Sunday 9 September 2012

Syria: Its Beautiful People

With the goings on in Syria and Damascus these past few months, I can’t help but wonder if the families and children that I have had the pleasure of meeting and having a conversation with during my two trips to Damascus back in 2010 are safe or even still alive.  You see, throughout my travels these past few years, I probably haven’t met anyone more kind and friendly that the Syrians, it's easy to feel attached to them even though we are totally strangers to each other.

If you ever happen to be in beautiful Damascus, do go and sit in the courtyard of Masjid Omayyad (Omawi Mosque) to take a breather and people watch after discovering the back alleys of the walled old city.  The courtyard is such a bustling place, filled with locals and tourists alike - kids playing and running around, families having a "picnic", tourists taking photos - you are forgiven if you somehow forget that it's actually a masjid.  Just sit in the courtyard and it wouldn't be long before you would have curious kids coming over and try to have a conversation with you.  It would probably start with a halting and shy hello.  Say hello and marhaba (hello) back to them, and their face would lit up with a smile.  Say a few more Arabic words, and the smile would turn into a big grin if not a laugh.

And the conversation would then start.  They would practise their English while you practise your (almost non-existent) Arabic.  They would ask where you’re from.  How long did it take you to fly to Damascus.  Where have you been to in Syria.  What do you like most in Damascus and if you like Damascus at all.  I have always answered that last question with “I LOVE Damascus!” for I truly love the city and am totally drawn to it, particularly the walled old city.  Tell them you find Damascus jameel (beautiful) and they would be beaming with pride, smiling from ear to ear.

Those moments are just priceless.  And I really treasure them.

But it's not just the kids.  The adults are friendly too.  After a few minutes of possibly the simplest conversation, you might even get invited to their house for tea or a meal.  Have had some awkward moments when I had to decline a few invitations due to time constraint for every time I was in town, it was just for a short weekend.  I’m not sure if it’s customary or if they feel obligated to do so – there was one time when one father out of a sudden appeared embarrassed and apologised for not being able to invite me back to their home because it was already quite late at night - but you can feel that such an invitation is genuine and comes from the heart.

I also met in the old city one guy who once lived in Kuala Lumpur for a few months to study English.  We got into talking and he invited me for dinner at a quite fancy restaurant.  The next day he texted me and asked what time is my flight because he wanted to pick me up at the hotel and then drop me off at the airport.  Mind you the airport is not exactly near to the old city.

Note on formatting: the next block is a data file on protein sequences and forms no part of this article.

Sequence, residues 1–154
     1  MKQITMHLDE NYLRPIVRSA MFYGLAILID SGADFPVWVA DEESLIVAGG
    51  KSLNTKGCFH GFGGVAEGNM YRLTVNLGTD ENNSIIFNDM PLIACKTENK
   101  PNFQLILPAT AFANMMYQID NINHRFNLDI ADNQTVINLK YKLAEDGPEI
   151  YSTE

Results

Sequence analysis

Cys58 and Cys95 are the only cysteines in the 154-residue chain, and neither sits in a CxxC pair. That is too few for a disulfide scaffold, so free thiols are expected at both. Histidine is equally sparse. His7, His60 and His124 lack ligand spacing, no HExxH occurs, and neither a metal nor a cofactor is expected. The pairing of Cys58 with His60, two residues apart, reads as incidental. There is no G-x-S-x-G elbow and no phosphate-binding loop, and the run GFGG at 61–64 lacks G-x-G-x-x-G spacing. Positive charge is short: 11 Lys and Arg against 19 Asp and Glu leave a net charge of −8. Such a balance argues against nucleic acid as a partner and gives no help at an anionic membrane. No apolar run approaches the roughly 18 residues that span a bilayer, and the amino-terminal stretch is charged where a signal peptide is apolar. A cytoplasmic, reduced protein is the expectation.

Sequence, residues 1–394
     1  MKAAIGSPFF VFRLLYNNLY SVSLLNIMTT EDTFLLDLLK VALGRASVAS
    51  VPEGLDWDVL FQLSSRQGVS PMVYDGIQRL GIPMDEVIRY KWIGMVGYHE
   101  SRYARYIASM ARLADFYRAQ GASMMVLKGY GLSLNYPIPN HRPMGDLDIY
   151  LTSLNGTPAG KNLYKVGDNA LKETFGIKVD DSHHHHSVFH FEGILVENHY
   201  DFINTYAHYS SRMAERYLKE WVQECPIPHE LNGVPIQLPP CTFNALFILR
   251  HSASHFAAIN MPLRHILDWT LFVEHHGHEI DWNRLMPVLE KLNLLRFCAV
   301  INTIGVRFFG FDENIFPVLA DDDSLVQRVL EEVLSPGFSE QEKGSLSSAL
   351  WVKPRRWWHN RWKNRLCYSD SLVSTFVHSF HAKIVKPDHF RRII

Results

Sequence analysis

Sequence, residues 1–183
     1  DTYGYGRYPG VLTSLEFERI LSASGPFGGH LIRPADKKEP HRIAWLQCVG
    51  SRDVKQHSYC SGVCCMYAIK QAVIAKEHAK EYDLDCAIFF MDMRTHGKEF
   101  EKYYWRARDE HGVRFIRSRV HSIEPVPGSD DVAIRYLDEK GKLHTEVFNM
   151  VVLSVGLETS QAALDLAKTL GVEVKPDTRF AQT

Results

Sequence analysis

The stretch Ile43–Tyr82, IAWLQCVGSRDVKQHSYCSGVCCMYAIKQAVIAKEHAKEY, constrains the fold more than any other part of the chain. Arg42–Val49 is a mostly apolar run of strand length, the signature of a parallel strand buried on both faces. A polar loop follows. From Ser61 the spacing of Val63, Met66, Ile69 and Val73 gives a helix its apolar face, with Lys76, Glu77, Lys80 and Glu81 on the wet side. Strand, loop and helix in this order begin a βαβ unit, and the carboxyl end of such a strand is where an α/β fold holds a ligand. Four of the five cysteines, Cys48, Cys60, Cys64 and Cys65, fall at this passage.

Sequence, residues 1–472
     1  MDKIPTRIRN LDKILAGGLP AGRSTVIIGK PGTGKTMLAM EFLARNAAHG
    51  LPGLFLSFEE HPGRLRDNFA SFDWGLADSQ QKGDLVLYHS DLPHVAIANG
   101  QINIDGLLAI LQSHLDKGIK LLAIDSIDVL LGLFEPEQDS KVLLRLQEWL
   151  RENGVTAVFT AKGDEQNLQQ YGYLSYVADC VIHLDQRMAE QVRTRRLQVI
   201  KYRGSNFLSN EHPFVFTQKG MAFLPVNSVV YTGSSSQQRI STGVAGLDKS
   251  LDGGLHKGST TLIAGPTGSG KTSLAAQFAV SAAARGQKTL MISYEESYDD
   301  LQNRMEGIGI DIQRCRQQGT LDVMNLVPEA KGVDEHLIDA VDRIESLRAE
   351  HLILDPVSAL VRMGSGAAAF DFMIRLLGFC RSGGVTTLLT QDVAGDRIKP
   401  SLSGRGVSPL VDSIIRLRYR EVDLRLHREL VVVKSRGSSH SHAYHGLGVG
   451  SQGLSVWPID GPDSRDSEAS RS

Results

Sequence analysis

Would you not feel touched by such friendliness?  Would you not be drawn and feel at home with such hospitality?  Syria’s tourism tagline by the way is “Welcome to Syria. Your Second Home”.  That, I couldn’t agree more.  A fellow traveller friend even argued that it didn’t feel like a second home simply because she just felt right at home in Damascus.  It therefore saddens me that I would not be able to go “home” again anytime soon due to what’s happening now.  It breaks my heart even more to think about what’s happening in Syria and to its beautiful people, especially those who have touched my heart even after just a few minutes of encounter.

I pray for their welfare and safety, and I sincerely hope you could join me in my prayer too.


Comments and feedback are always appreciated. So do leave one or two if you have the time. Thank you!

  1. Hi, actually 1st time drop comment kat sini:-)

    sayang sangat beautiful country and people tapi dirosakkan oleh pemerintah yang kejam/ketidakstabilan politik

    of course,I'll pray for them too

    1. Hi, dzuchan! Thanks for dropping by and for following too :-) Memang sayangkan? And it's really saddening too :-(

  2. Those kids are super adorable and looks so photogenic. So sad to hear what's happening to their country. Pray them all the best.

    1. Yup, they are. They're also bright and funny, I really enjoyed talking with them. I would smile everytime I look at the above photos, remembering their laugh and reaction when I attempted to say a few words in Arabic. I hope they and their families are okay, and that everything would soon be back to normal again in Syria.

  3. Yes, let's pray for Syria and for these beautiful people, may one of the cute boys (above) will be my future son in law..ehehehehe (hmm sungguh bermotif)

    1. Chawanna, motif tak diterima. Mana nak letak Adam dgn I? (jawapan yg bermotif juga)

  4. hi Raw,
    such a bunch of handsome Syrian boys, what about the girls? did u manage to capture their photos? =)

    i think seeking solution through war is just too ridiculous since both party can sit down & discuss. hope for a change, not only in Syria but the whole world in general.

    1. The girls are beautiful too but they tend to be shyer and giggles only from afar. I did not take any photo of them due to cultural (and perhaps to a certain extend religious?) reasons. I probably should have just asked some of the parents for their permission though.

      Anyways, yes, I totally agree with you on the war issue but then unfortunately not everybody thinks the same. Else the world would have been a peaceful place a long time ago.

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